Engaging a large group of residents at their academic conference (i.e. academic day) is always a challenge, particularly when the group includes a spectrum of junior and senior residents with varying levels of experience. Trying divide a group of 40+ residents into small learning teams requires a plan for facilitation, particularly if you have only one instructor.
During our academic conference, we modified the carousel technique to teach the topic of pelvic trauma.
Prior to the session, peer-review resources (published review articles, high quality websites and podcasts) were identified and distributed to the residents to assist in their preparation. During the session, the forty residents were split into 8 small teams with an equitable distribution of junior and senior residents. The teams were then asked to develop the best answer for 8 key pelvic trauma questions. The teams were staggered in the order of questions to be answered first. Finally, each team rotated through all the questions at timed intervals, adding and editing the answer provided by the prior team to reach a consensus “best” answer.
Education Theories involved:
Time in classroom: approximately 90 minutes
- High quality resources related to the topic of choice
- Email to residents containing the learning objectives for the talk, the recommended resources, and the questions that will be answered on the day of the conference.
- GoogleDocs or equivalent platform so that each group can collaborate on a shared, real time edited document that can be easily projected during the conference.
- Computer and internet access for each group
How to do it:
- Pre-class preparation: A few days in advance, the residents are provided with key resources and the questions to be answered at the conference. It is expected that they will read ahead of time and come prepared to discuss and create “best” answers.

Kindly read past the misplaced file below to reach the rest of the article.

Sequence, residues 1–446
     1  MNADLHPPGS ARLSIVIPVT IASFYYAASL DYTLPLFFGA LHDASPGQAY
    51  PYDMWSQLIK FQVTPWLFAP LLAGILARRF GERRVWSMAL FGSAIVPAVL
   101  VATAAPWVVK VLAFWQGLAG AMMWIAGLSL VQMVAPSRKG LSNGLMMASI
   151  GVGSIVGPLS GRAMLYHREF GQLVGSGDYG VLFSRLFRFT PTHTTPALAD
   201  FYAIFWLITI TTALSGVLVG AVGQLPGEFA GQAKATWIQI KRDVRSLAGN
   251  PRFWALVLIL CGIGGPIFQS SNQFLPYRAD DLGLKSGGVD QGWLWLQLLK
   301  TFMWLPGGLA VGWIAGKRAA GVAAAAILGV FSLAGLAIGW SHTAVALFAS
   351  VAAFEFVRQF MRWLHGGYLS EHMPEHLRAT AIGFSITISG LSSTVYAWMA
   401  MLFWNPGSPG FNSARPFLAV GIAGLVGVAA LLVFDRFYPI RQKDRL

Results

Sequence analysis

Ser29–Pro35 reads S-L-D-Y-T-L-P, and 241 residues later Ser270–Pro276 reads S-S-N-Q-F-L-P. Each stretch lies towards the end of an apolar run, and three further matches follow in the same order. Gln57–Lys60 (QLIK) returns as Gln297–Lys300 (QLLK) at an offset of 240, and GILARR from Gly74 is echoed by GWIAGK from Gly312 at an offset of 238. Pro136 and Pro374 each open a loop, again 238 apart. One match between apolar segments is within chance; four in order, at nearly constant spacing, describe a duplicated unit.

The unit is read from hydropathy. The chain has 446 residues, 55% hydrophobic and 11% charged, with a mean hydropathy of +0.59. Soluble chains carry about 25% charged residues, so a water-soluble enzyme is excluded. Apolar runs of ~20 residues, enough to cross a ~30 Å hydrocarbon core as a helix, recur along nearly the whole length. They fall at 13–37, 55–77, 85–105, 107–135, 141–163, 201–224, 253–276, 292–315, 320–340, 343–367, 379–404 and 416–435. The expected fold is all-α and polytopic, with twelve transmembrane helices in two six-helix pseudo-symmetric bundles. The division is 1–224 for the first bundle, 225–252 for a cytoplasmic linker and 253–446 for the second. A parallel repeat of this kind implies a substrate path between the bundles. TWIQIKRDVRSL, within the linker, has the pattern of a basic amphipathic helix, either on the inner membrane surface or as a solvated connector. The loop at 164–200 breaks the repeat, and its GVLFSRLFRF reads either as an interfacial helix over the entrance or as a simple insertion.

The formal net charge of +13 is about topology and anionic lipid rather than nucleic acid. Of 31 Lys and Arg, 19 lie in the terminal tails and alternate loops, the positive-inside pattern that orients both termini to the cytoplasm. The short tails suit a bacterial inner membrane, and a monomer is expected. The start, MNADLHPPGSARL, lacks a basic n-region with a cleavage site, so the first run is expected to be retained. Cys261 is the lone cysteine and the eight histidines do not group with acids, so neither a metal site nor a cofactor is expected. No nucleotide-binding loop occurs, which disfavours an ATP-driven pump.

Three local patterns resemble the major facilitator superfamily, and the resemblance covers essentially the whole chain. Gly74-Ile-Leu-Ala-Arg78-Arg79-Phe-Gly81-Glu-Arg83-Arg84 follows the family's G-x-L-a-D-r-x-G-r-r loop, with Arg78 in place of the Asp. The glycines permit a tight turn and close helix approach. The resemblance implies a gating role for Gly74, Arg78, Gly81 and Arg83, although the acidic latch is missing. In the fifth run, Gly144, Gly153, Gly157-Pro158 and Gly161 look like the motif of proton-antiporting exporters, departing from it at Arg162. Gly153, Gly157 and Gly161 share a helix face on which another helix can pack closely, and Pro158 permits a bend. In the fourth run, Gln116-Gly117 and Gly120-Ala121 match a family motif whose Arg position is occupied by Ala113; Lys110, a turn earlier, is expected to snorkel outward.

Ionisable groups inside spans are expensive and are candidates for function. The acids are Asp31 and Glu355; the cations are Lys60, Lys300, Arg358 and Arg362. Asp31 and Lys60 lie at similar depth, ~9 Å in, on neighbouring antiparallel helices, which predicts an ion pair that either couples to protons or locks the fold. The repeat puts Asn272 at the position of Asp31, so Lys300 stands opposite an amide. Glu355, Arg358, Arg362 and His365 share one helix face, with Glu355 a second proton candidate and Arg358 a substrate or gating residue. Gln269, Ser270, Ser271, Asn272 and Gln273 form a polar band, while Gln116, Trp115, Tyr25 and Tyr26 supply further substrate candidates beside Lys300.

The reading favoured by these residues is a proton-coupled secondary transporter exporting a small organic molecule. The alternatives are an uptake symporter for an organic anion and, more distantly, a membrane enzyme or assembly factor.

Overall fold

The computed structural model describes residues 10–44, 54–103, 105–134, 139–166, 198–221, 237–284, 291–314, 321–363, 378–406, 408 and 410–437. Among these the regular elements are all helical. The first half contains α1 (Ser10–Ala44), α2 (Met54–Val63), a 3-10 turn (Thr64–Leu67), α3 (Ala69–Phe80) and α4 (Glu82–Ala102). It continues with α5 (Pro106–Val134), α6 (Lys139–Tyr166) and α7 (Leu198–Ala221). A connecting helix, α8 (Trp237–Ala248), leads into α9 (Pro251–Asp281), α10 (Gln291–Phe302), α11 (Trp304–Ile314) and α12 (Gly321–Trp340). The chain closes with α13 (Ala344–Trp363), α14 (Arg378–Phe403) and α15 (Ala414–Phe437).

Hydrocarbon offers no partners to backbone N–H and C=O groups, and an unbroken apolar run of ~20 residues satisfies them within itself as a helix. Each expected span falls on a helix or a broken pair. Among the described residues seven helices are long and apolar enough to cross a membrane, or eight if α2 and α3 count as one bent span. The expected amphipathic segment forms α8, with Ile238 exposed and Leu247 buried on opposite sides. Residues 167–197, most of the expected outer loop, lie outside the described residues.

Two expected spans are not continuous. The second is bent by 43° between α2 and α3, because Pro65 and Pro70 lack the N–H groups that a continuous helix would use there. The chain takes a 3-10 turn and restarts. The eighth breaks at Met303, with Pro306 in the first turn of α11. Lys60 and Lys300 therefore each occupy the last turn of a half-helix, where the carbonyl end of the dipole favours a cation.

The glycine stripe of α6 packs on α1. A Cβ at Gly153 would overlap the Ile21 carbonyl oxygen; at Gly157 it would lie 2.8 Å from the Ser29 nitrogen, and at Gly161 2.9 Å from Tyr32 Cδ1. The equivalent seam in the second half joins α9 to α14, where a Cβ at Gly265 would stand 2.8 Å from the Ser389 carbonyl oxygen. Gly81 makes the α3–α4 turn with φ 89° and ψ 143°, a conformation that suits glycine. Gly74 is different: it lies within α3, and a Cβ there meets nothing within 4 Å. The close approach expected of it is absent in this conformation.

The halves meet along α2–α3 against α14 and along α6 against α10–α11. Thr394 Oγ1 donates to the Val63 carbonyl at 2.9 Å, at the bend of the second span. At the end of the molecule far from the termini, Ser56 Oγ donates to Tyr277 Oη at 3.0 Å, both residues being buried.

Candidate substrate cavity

- Digital carousel group work (60 min): Residents are divided into teams of 3-5 (one question per group) with an equal distribution of junior and senior residents. Each team is provided with a different starting question and the sequence of subsequent questions to ensure orderly progression. The links to the series of GoogleDocs (one for each question) are distributed via email. The teams are allotted approximately 5 minutes to answer each question. (Flex time should be built into the schedule to accommodate instructions and carify questions about the process.) A group must advance to the next question when the time period expires. This ensures the groups don’t overlap with each others work. The facilitator notifies the group when it is time to advance. For the first few questions, the groups are primarily creating new answers. Toward the end, groups are mainly editing and peer-reviewing the answers that had been previously created.
- Instructor Synopsis and Review (30 min): The instructor opens the GoogleDocs that has been created and projects them for the large group. The answer to each question is reviewed and summarized, with the addition of clinical pearls by content experts (staff physicians) in attendance. A “best” answer for each question is created and digitally distributed for future study and reference.
Feedback & Conclusions
There is a definite trade off between allowing sufficient time to answer/edit the question and creating a time-pressured situation to keep learners focused and engaged. This technique was extremely effective for facilitating multiple diverse groups with only one instructor. Not only did it engage the residents in active and collaborative learning, they created high-quality answers that will be useful for them in the future.